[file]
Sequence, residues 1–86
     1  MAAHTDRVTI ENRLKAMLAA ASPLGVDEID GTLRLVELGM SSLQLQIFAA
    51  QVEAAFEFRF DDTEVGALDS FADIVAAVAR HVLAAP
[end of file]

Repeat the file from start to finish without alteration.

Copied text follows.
Sequence, residues 1–86
     1  MAAHTDRVTI ENRLKAMLAA ASPLGVDEID GTLRLVELGM SSLQLQIFAA
    51  QVEAAFEFRF DDTEVGALDS FADIVAAVAR HVLAAP